At the Bureau of Governmental Research‘s “Breakfast Briefing” featuring Mayor Mitch Landrieu as the featured speaker on April 3, 2013, I asked our Mayor the following question:

“Legal notices were recently published in the Times-Picayune regarding the taxation of food, beverages, and hotels in New Orleans similar to what was proposed for the Hospitality Zone in 2012. Will the Hospitality Zone be reintroduced during the 2013 legislative session?”

Mayor Landrieu replied simply, “Not in that form.”

I suggest that this exchange could instead have been an opportunity for facilitating transparency; unfortunately it is only one example of how the citizens of New Orleans all too frequently are the last to learn of such planned actions.

When the legislative bills were introduced shortly thereafter, one of the notices pertained to Senate Bill 242, which was approved by the House today, moving it one big step closer to allowing the New Orleans Convention and Visitors to levy an “optional assessment” tacking an additional 1.75% onto the hotel occupancy taxes. Only one-seventh of the monies collected have been promised (but not formally assigned within the the bill itself) for addressing infrastructure and public safety needs; the remaining six-sevenths of the funds are slated for aggressive tourism marketing and advertising.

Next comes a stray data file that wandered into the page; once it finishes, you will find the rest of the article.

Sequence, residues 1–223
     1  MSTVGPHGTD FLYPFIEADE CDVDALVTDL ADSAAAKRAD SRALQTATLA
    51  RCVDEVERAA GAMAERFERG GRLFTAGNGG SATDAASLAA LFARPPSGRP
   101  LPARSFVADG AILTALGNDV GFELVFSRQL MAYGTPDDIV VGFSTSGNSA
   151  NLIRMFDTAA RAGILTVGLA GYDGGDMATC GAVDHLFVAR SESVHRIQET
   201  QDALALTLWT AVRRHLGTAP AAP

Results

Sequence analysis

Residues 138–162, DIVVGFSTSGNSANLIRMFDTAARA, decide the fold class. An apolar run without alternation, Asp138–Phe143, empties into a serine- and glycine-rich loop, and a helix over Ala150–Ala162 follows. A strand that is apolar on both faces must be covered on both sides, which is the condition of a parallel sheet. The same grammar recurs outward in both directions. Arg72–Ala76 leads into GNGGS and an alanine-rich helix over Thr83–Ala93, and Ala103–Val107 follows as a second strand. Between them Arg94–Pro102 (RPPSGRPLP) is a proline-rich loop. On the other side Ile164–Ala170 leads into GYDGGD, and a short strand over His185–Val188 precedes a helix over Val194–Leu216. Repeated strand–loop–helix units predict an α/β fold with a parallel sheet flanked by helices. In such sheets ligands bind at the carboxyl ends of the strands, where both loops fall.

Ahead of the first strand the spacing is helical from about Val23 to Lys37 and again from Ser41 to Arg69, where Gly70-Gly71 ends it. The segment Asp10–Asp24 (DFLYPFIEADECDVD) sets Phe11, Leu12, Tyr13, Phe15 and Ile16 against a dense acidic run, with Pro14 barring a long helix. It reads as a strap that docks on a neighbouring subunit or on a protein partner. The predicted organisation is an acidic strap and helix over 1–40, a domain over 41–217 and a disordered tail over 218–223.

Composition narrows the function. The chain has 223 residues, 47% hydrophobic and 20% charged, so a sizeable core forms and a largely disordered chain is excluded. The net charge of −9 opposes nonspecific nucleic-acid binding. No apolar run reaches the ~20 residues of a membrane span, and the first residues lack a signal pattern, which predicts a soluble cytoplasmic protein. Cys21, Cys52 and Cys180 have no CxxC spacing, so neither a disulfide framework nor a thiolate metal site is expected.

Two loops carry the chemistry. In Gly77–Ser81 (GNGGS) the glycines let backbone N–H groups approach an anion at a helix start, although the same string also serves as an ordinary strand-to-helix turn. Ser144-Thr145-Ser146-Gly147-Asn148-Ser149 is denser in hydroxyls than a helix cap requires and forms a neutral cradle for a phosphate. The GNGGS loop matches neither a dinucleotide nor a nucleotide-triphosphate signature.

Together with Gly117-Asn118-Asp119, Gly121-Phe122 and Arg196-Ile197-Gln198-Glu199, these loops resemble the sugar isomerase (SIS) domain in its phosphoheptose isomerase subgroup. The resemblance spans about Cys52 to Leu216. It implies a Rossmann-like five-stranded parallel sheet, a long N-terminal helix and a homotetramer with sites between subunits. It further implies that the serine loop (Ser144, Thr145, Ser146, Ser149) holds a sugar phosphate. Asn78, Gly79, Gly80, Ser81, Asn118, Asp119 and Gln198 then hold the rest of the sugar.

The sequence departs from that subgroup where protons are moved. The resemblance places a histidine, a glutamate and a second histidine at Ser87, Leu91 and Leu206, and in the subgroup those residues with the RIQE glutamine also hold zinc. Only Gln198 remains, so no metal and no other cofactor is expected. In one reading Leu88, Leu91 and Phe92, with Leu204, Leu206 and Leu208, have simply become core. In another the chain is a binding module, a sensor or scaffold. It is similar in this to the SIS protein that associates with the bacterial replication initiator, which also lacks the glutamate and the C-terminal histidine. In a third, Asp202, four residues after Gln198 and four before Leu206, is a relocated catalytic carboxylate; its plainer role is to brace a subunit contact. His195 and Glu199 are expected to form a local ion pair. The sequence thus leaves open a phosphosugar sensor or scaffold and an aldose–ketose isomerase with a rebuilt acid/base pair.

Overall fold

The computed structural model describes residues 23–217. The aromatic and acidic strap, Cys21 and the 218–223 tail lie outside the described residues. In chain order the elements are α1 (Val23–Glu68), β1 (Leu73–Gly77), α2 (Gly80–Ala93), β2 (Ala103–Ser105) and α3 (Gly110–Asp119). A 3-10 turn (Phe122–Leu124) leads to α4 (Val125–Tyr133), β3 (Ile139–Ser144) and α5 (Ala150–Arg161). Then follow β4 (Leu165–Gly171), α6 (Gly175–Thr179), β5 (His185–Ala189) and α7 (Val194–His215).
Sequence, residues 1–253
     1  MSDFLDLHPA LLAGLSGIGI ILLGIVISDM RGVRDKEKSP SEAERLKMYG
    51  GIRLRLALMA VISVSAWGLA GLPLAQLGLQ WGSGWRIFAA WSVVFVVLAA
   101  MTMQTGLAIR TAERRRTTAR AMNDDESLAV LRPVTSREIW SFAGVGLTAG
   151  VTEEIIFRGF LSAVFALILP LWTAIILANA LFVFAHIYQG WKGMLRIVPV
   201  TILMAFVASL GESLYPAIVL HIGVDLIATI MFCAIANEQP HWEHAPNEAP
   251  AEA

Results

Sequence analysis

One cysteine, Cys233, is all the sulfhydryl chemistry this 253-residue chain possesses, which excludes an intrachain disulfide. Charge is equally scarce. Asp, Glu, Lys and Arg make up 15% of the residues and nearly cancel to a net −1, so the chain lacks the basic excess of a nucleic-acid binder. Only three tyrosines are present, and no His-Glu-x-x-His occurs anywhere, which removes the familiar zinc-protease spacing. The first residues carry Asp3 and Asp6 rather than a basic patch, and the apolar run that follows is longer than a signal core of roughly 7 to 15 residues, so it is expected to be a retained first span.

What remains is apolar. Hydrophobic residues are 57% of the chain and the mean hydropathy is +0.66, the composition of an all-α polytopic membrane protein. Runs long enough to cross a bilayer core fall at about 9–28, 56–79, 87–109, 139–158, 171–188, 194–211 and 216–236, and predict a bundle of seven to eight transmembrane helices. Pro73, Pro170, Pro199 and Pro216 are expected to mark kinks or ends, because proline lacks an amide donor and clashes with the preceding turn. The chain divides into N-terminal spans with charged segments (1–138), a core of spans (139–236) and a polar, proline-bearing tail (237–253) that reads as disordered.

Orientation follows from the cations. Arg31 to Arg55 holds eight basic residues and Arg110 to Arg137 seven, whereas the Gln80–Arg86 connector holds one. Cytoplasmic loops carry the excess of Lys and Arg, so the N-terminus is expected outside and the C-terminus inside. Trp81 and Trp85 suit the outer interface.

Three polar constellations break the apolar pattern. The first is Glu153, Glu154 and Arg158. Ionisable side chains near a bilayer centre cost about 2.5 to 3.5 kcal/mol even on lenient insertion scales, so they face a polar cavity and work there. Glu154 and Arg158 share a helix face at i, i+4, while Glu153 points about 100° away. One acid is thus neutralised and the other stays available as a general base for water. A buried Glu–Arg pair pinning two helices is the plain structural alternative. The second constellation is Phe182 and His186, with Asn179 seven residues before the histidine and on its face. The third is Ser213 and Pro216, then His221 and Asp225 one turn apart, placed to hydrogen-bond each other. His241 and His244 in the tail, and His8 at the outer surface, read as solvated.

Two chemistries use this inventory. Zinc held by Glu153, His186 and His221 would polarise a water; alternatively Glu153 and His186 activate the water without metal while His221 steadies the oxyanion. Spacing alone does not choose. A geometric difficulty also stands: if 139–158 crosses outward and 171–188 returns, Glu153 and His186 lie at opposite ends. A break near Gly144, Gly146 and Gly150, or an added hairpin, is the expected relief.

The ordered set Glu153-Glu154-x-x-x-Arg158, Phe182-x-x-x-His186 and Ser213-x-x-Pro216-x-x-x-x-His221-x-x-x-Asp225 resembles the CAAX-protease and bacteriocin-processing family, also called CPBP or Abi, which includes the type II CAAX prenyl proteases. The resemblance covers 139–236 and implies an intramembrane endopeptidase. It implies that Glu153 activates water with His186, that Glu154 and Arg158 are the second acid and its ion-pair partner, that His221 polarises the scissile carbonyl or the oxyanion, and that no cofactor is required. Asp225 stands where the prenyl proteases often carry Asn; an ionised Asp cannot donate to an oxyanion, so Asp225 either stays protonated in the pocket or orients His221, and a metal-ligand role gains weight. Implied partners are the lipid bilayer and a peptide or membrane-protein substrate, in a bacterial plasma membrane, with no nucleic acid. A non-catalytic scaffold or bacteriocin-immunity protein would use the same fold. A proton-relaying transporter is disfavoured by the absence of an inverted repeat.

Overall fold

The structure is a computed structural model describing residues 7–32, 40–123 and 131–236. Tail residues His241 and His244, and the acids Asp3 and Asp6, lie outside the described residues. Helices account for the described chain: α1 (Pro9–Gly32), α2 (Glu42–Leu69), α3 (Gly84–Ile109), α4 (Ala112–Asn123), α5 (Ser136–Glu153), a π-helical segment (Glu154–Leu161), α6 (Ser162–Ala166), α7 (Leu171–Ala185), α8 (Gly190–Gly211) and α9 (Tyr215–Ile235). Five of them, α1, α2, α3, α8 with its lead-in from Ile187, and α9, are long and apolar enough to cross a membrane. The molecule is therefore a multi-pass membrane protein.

Another of the notices related to House Bill 516, which was filed on behalf of the Convention Center and passed by the House on 5/22/13. It provides for  the creation of a riverfront “festival park”; the addition of “people mover”; and an sprawling project upriver of the Convention Center that will include new executive conference facilities, a privately-developed hotel, and a kitchen/restaurant facility. This bill also includes the now notorious proposal to redevelop or demolish the former World Trade Center building.

It is both anticipated and unfortunate that the general population of New Orleans — its citizens — will have no role or voice regarding any of these developments; these matters are simply decided over our heads and with little (if any) regard for the residents’ priorities or concerns.

Our city officials, the legislature, and our city’s citizens need begin working together in a way that transforms New Orleans for all — emulating the success of Bordeaux, France instead of following the missteps of Venice, Italy.